Linked by Rahul on Wed 25th Feb 2009 15:30 UTC
Fedora Core Internet News writes about a major mark for Fedora 10 release. Fedora remains the only distribution to publish it's statistics and gathering methods openly and transparently. In any case, they reached 1 million active installations of Fedora Linux 10.
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Member since:

Pulseaudio has been a nightmare for me. Sometimes, it took 90% off the processor and I had to kill it in order for the audio applications to work.

I removed that virus.. And I'm in heaven again.

Reply Parent Score: 1

darknexus Member since:

Heh, Pulse has been both demon and savior, depending on the version I'm running and what hardware I'm running it on. On some hardware configurations I don't need it, but when I start dealing with certain USB audio devices that do not do hardware samplerate conversion or do it badly, or internal cards that have this difficulty (ens 1370/1371 and various 8x0 cards), then Pulse is sometimes the only thing that even allows the audio system to function well. Without it, problems can range from artifacts in the audio to a nasty, ear-splitting hiss/screetch depending on what rates it attempts to mix together.
On the other hand, certain versions of Pulse have actually made it worse. Version 0.99.11, for instance, caused a nightmare with the soundcard I was using, causing the audio to only play for perhaps a quarter second before abruptly cutting off.
Pulse, I think, will eventually become a good solution. I do not think, however, that it was ready for general consumption when Fedora and Ubuntu started pushing it, nor do I believe it is at that level now. It still has quite a few quirks and a good deal of latency under certain tasks.

Reply Parent Score: 2

sorpigal Member since:

Pulse audio, also known as "Let's re-invent ESD again, because it worked so well the last five times," is truly horrifying. Rather than solve the Linux audio problems correctly someone decided it would be a good idea to write a user space management program with all of the problems of the old management programs, only it's better now honest.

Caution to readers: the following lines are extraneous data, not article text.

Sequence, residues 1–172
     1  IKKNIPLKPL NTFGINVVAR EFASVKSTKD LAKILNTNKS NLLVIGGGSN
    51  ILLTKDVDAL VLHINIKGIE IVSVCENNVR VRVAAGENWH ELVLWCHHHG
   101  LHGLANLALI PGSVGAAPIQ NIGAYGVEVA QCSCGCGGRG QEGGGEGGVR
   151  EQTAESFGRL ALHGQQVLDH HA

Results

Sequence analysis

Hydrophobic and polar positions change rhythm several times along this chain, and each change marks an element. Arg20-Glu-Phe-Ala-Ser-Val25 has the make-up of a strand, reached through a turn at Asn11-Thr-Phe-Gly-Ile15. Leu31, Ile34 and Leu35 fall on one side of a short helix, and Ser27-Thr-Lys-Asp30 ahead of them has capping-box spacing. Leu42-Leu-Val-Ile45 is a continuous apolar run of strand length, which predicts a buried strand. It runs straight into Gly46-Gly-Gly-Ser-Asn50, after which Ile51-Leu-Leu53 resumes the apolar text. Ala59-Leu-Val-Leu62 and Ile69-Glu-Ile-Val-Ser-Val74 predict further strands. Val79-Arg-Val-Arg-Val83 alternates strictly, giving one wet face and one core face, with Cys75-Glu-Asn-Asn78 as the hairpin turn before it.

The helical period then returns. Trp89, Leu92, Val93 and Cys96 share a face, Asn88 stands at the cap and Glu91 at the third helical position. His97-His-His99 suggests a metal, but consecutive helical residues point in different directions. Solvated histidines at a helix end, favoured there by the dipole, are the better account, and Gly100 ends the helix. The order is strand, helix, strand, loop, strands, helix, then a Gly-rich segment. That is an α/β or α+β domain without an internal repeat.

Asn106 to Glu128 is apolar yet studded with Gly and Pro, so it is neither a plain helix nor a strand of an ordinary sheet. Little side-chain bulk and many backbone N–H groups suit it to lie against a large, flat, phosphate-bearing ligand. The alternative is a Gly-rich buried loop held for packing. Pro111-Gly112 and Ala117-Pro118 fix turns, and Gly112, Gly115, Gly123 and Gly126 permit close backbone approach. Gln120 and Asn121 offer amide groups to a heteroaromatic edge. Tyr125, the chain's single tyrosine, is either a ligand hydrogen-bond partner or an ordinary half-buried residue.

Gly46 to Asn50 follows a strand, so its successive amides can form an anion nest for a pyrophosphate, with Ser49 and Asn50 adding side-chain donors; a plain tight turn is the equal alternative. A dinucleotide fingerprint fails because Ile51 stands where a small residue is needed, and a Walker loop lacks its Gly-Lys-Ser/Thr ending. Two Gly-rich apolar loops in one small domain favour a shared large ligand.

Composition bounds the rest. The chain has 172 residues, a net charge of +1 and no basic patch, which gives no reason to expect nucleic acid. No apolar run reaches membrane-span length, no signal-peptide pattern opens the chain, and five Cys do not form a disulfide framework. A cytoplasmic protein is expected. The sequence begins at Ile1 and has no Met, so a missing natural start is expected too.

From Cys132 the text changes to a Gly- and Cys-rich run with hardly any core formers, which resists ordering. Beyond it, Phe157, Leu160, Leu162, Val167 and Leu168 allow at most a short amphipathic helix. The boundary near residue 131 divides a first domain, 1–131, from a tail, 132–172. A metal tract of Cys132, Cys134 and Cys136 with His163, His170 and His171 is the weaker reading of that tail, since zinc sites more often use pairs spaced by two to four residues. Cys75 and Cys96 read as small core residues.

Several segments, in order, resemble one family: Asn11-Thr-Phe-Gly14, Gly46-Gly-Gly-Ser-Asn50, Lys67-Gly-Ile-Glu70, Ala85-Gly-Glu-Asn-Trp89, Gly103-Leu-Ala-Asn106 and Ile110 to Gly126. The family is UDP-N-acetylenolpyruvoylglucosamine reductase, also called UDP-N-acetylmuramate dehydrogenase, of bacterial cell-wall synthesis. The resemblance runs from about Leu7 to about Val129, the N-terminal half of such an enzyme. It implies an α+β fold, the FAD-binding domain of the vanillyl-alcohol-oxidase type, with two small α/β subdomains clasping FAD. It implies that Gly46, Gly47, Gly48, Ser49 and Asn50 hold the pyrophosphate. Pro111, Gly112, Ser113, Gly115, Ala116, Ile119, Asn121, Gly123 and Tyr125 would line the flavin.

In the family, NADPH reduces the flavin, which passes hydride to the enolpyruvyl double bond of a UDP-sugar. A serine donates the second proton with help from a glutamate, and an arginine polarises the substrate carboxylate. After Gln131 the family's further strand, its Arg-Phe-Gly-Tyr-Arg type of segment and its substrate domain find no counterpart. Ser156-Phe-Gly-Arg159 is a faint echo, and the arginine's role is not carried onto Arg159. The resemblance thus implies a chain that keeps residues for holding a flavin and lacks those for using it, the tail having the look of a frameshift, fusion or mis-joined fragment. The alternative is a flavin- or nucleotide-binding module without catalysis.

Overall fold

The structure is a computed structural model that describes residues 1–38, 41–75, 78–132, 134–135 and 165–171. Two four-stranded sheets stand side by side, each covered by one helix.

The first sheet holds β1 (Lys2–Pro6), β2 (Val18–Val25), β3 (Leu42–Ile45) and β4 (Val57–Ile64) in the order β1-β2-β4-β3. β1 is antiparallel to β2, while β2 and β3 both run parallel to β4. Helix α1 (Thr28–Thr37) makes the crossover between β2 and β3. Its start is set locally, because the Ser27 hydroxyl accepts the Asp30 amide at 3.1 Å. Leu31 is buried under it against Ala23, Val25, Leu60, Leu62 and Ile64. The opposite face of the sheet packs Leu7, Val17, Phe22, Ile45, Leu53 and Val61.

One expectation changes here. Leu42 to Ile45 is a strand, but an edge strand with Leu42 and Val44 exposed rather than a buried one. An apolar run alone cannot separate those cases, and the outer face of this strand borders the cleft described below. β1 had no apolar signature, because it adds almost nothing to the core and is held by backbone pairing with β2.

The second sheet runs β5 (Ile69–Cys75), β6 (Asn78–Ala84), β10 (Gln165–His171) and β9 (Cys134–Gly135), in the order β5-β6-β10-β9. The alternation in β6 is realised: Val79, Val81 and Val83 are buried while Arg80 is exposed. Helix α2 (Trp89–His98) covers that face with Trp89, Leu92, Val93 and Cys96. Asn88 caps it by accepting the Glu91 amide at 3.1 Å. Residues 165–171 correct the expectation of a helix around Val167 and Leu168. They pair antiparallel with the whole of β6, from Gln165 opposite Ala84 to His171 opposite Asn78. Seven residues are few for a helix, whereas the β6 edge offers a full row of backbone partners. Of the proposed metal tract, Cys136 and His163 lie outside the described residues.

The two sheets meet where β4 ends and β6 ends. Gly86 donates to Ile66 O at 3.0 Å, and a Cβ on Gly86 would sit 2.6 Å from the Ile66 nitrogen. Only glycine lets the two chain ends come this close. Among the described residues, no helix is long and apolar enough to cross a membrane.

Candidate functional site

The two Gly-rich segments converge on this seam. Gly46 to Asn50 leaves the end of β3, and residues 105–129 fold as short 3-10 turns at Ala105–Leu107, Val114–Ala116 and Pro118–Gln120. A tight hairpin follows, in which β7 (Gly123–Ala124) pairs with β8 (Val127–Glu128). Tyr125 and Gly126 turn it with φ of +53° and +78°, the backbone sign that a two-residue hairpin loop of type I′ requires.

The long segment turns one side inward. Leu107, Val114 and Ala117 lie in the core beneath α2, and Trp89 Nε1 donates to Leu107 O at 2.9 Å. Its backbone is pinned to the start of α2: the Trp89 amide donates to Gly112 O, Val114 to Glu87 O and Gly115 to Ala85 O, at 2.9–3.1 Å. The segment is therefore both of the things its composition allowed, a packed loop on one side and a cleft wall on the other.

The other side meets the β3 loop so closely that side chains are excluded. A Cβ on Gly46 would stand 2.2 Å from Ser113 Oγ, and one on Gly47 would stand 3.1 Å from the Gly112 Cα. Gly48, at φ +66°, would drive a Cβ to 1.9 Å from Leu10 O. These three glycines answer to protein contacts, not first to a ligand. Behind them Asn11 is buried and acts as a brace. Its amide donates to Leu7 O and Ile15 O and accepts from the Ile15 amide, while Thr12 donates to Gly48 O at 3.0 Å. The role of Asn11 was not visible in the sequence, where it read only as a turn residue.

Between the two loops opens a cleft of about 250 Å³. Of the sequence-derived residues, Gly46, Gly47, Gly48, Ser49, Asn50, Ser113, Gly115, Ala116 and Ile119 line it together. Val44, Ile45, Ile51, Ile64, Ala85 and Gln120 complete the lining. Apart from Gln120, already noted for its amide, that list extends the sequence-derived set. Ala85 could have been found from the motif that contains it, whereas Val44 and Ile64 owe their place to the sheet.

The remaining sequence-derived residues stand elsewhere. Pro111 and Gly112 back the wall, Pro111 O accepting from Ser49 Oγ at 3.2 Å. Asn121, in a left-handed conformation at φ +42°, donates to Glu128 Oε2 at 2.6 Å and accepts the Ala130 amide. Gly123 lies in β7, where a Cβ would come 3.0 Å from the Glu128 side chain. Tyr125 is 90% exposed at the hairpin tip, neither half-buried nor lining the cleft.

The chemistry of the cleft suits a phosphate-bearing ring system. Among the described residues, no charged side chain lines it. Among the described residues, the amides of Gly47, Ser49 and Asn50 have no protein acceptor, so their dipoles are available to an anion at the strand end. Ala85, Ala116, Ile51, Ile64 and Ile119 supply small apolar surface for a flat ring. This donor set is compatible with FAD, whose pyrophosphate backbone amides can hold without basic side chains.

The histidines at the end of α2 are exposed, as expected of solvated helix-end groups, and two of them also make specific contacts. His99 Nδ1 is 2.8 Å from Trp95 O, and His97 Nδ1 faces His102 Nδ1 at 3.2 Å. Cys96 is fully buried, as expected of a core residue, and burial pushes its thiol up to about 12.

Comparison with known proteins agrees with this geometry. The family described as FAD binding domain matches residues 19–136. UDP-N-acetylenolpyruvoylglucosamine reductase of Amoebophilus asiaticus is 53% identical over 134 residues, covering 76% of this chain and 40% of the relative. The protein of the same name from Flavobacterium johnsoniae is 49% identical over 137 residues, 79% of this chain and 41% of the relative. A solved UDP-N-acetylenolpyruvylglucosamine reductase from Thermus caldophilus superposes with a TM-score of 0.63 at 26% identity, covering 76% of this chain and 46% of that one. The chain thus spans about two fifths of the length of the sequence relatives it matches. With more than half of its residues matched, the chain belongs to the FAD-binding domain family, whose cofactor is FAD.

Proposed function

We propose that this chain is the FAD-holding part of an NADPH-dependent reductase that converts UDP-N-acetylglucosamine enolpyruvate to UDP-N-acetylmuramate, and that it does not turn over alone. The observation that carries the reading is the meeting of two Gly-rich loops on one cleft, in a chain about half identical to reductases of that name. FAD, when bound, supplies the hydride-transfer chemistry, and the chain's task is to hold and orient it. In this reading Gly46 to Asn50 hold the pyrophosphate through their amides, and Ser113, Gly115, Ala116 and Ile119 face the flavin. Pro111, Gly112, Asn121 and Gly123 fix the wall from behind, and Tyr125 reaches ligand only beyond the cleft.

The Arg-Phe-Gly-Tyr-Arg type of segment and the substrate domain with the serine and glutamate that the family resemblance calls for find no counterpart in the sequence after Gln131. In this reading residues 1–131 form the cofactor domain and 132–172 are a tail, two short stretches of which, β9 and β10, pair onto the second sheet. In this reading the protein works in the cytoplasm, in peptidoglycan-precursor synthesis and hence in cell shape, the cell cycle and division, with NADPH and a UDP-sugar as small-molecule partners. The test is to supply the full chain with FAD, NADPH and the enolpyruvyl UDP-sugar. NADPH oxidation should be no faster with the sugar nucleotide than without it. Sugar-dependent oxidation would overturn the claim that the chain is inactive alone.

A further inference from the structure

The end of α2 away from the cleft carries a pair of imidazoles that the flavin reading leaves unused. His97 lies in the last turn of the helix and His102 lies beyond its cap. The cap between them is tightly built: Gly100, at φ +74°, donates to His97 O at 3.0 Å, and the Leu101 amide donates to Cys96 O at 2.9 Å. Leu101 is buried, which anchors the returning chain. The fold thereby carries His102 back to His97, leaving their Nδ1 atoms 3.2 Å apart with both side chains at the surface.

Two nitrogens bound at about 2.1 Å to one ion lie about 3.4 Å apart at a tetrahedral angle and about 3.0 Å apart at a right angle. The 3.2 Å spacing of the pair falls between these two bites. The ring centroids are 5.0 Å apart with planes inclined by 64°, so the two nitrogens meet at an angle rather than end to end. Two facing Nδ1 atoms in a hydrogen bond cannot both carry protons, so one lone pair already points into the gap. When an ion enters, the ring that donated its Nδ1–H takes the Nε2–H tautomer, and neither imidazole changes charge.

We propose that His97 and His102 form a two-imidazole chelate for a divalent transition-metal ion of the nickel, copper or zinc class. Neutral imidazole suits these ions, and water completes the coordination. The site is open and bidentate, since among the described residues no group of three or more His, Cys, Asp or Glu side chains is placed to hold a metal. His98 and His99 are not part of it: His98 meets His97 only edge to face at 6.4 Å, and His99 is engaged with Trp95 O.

Some of the /theory/ in pulseaudio sounds great and should be in the kernel. The implementation suffers from acute "Doesn't Work" syndrome and has the lovely effect of making something simple really complex. It's nice that someone cares about audio, but it would be nicer if they wouldn't introduce yet-another universal audio API. If there's something wrong with alsa, fix alsa.

If there's nothing wrong with alsa, why are we using pulseaudio?

Reply Parent Score: 2

Rahul Member since:

Fedora, Ubuntu, OpenSUSE, Mandriva and many others use PulseAudio by default and do it for good reasons. ESD and PulseAudio are both sound servers. Beyond that they are not really comparable. One is dead and broken. Other is actively maintained and has a lot more features. ALSA is too low level to do a number of features that PulseAudio does and that competing systems like Vista and OS X have done for a long time as well. Handling of bluetooth headphones or per application volume control for example.

Reply Parent Score: 1

gilboa Member since:

A. ALSA depends on hardware mixing and not all sound cards are capable of reliably mixing different sources.
B. ALSA cannot (and should not) be able to control the volume level of each source stream. (Try listening to a Internet radio while playing a -loud- computer game)
C. Pulse is network transparent.

I don't use pulse on most of my Fedora machines (I tend to disable it) - but I have no doubt that I -will- use it once it matures.

- Gilboa

Reply Parent Score: 2